Available in 2012
|Callaghan Campus||Semester 2|
Previously offered in 2013, 2010, 2009, 2008, 2007, 2006, 2005
Introduces key aspects of the worlds of Ancient Greece and Rome in the context of Mediterranean civilisation. Investigation of these fascinating civilisations will include the following topics:
* Society and culture in Greece and Rome
* Greek families, Roman families, households and values
* Slaves and slavery
* City life in Athens, Greece and Rome
* Plague and disease
* War, warfare, generals and politics
These topics and the associated assessment tasks provide for significant diversity in learning styles and a better understanding of Mediterranean histories and cultures. The course employs historical, archaeological and other written and literary forms of evidence to shed light upon Greco-Roman societies in the context of the building of the Greek empires and the Roman world.
By the end of the course the student will:
1. utilise and interpret primary and secondary evidence
2. compare and contrast different and differing forms of evidence.
3. relate events in their historical contexts.
4. recognise key events, persons and their reportage.
5. come to a reasonable conclusion or critical summary of events and their historical contexts.
6. present well-written appreciation in researched essay form, and a developed understanding of classical civilisation in the context of Mediterranean civilisation.
7. have developed an understanding of Greek and Roman society in historical and geographical contexts.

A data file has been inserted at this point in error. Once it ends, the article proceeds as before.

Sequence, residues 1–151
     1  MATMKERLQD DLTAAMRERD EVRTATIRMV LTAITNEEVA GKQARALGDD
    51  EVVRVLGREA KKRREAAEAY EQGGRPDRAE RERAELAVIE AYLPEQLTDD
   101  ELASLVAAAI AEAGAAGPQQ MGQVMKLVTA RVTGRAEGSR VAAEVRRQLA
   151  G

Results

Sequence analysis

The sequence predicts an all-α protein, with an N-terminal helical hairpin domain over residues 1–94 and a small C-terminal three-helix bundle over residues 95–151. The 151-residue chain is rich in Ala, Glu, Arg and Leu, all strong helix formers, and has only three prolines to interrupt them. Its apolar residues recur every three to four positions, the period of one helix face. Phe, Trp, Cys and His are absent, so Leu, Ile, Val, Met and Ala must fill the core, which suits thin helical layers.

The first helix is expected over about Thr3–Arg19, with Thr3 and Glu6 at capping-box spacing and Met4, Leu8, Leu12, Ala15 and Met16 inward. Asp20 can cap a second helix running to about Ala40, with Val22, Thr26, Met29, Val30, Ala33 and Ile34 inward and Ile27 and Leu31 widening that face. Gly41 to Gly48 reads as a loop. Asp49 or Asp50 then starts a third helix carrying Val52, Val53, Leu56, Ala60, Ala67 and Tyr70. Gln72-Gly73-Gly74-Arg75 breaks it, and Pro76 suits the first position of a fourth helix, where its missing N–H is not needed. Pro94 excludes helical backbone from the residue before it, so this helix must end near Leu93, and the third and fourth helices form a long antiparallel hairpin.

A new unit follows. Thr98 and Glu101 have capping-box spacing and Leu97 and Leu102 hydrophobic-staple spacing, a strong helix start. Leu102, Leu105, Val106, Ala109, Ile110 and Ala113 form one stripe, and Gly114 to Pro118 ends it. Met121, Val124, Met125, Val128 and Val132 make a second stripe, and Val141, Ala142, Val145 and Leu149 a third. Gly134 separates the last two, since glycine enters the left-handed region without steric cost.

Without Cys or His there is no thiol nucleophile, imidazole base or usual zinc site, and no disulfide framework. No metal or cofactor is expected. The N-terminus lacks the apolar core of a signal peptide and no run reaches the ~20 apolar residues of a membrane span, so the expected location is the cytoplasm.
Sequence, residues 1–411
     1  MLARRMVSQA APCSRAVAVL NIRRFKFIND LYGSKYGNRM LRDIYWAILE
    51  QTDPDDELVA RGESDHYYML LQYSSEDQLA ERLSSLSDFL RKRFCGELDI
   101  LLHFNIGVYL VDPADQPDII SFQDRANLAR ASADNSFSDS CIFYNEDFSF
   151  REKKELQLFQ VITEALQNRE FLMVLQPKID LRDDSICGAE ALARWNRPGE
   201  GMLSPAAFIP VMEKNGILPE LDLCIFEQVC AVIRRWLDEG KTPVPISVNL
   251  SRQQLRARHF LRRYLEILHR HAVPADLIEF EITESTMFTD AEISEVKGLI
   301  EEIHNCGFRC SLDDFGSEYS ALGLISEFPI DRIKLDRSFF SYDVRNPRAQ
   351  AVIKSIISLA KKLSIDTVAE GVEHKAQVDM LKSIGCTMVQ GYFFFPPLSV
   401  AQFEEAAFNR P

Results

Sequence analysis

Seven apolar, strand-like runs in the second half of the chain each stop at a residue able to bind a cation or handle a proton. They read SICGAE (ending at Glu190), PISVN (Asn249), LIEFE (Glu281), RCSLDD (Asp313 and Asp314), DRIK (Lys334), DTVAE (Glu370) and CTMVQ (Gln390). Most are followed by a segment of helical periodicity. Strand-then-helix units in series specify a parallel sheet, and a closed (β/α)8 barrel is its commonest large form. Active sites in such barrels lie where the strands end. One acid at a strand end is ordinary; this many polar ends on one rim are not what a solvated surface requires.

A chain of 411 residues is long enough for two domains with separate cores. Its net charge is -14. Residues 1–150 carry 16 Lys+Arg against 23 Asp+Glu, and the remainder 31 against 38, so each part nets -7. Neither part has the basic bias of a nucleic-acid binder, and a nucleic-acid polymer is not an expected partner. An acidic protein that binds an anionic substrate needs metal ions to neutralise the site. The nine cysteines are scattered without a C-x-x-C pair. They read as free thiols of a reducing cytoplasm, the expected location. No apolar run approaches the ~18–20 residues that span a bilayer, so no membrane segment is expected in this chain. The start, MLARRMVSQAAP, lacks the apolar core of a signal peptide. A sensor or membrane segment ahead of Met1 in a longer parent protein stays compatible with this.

8. have read and interpreted maps, time-lines, charts and visual/archaeological forms of evidence.
9. have solved problems of evidence and appreciate the cultural diversity of Greek and Roman society.
10. have examined internal conflicts of evidence in Greek and Roman sources in times of peace and war.
11. have read and analysed evidence on "Free"/Citizen status and standing and contrast with ancients' views and practices of slavery for presentation of results in clear and sound researched essay form.
12. have examined the role of slaves in ancient societies in the context of the phenomenon of large-scale rebellion.
* Society, households, values and culture in Greece and Rome
* War, warfare, generals and political strife in Athens and Sparta and Rome.
* Slaves and slavery : Spartacus and slave rebellions
* City life and politics in Athens and Rome
* Archaeology and its value for classical studies, and plague and disease in the ancient world.
EPHUMA305 Ancient History and Culture at Ourimbah campus
Modes of Delivery
Lecture: for 5 hour(s) per Week for 12 weeks
Tutorial: for 1 hour(s) per Week for 11 weeks